Stomach, liver and white muscle tissue samples collected by CEI’s Sustainable Fisheries research team were successfully received by the University of North Carolina Wilmington last week. This is part of a three-year project currently led by Dr. Travis Van Leeuwen, Danielle Orrell and Eric Schneider of the CEI Sustainable Fisheries Team in collaboration with Bonnie Monteleone (Plastic Oceans) at the University of North Carolina, Wilmington. The project aims to investigate the presence, toxicity and cycling of marine plastics across pelagic, reef and deep-sea organisms in the Exuma Sound.

Mahi_release corrected.jpg

The study is important as the relationship between plastics in oceans, its cycling in ecosystems and its presence in our food remains poorly understood. Recent predictions made by the Ellen MacArthur Foundation and the World Economic Forum claim that by 2050 there will be more plastic than fish in the world’s oceans (The New Plastics Economy report, 2016). Understanding how the increasing presence of plastics in our oceans is affecting its inhabitants, and how plastics are cycling within different ecosystems (coral reefs, the pelagic ocean and the deep-sea) is key to raising awareness and identifying solutions. 

  Changes in the ratio (number of plastics to fish in the ocean by weight) between 2014 and 2050, and the relative contribution of these plastics to global oil production as provided in  The New Plastics Economy  report (2016).

Changes in the ratio (number of plastics to fish in the ocean by weight) between 2014 and 2050, and the relative contribution of these plastics to global oil production as provided in The New Plastics Economy report (2016).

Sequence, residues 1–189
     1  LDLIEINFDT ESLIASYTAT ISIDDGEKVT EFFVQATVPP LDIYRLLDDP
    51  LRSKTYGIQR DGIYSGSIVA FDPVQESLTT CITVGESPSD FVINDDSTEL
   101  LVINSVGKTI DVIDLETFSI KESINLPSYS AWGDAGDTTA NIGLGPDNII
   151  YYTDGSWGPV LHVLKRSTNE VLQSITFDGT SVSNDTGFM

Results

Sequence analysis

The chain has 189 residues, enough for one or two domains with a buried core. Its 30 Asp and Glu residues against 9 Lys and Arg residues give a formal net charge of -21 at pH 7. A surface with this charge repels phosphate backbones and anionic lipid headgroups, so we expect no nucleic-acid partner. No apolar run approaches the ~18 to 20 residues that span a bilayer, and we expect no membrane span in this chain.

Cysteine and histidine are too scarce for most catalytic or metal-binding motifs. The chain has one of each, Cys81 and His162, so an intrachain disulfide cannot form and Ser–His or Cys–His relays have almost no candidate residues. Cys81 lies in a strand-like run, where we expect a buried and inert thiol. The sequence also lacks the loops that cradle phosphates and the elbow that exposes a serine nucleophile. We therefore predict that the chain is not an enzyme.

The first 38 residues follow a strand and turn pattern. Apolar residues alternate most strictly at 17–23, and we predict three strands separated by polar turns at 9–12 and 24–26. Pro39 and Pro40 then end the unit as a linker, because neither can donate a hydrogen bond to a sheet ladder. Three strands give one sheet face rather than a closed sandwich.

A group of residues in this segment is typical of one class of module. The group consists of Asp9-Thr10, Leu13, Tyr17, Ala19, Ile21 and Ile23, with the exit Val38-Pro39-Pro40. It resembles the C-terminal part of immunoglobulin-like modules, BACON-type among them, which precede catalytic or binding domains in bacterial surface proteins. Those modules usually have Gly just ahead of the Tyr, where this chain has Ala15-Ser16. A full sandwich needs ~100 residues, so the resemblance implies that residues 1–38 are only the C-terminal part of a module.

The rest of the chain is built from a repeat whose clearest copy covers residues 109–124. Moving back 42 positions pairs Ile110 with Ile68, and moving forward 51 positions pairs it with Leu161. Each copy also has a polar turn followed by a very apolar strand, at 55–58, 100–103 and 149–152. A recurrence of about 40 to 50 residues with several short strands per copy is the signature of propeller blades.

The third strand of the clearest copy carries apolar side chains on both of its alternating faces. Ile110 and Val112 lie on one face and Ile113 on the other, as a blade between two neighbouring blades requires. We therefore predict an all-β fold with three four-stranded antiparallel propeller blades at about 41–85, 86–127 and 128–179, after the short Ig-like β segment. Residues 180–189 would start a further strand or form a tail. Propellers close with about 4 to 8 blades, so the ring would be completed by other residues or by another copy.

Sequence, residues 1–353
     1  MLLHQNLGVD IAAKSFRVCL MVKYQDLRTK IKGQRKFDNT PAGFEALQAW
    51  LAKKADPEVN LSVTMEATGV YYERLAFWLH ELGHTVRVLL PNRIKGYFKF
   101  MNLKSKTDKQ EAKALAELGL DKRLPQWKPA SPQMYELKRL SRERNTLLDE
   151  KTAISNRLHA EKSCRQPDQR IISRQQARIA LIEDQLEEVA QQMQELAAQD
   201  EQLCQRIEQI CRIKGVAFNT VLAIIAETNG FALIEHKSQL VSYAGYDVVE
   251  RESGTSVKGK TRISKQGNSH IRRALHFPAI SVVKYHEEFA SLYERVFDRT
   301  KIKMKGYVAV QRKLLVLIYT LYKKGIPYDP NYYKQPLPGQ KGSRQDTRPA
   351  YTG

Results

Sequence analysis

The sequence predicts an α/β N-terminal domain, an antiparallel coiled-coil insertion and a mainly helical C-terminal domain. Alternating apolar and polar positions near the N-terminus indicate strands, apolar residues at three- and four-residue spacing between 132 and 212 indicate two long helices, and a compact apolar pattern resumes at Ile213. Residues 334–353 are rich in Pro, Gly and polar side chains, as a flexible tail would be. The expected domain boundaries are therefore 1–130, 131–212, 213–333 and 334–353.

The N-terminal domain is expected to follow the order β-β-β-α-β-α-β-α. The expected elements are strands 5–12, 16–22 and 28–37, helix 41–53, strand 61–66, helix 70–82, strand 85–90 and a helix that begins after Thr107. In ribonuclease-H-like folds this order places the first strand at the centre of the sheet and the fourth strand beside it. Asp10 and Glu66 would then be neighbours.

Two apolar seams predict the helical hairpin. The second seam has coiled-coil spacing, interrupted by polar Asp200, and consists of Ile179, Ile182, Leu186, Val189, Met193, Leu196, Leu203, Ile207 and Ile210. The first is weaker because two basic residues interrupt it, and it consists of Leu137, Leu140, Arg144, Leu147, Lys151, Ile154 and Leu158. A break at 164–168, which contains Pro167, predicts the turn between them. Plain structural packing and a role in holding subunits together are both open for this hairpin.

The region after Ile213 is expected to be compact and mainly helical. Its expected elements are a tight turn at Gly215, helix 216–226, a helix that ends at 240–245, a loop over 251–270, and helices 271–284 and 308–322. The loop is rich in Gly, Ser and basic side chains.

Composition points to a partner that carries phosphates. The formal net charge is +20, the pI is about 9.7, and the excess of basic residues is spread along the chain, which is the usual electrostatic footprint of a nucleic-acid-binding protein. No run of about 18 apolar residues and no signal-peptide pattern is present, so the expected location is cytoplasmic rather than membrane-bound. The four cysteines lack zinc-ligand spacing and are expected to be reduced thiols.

The plastics project at CEI began in 2014, with liver, white muscle and stomach samples collected from pelagic fish such as mahi mahi, wahoo and tuna which were obtained from sport fishing tournaments hosted in The Bahamas. This was supplemented by fish caught during a Fall 2016 Island School class focused on investigating plastic accumulation in pelagic species. It is hoped that these samples will provide an insight into the plastic toxins present in fish which are often eaten by humans. Similarly, samples from reef fish including barracuda, mutton and yellowtail snapper were provided by local fishing boats and anglers, and deep-sea samples from animals such as isopods and eels were collected during deep sea research trawls carried out by CEI researchers in 2015-2017.

Copy of IMG_8686.jpg

These samples are now at the University of North Carolina Wilmington ready for examination by a team of biologists and toxicologists. Within the next few months it is hoped that these samples will help unlock some of the mysteries around plastic cycling within ecosystems, and quantify presence and associated toxicology associated with consuming these fish.

  CEI researchers Eric Schneider (left) and Danielle Orrell (right) waving off Mark M. Steinberg (middle, pilot) transporting the samples to the US for analysis.

CEI researchers Eric Schneider (left) and Danielle Orrell (right) waving off Mark M. Steinberg (middle, pilot) transporting the samples to the US for analysis.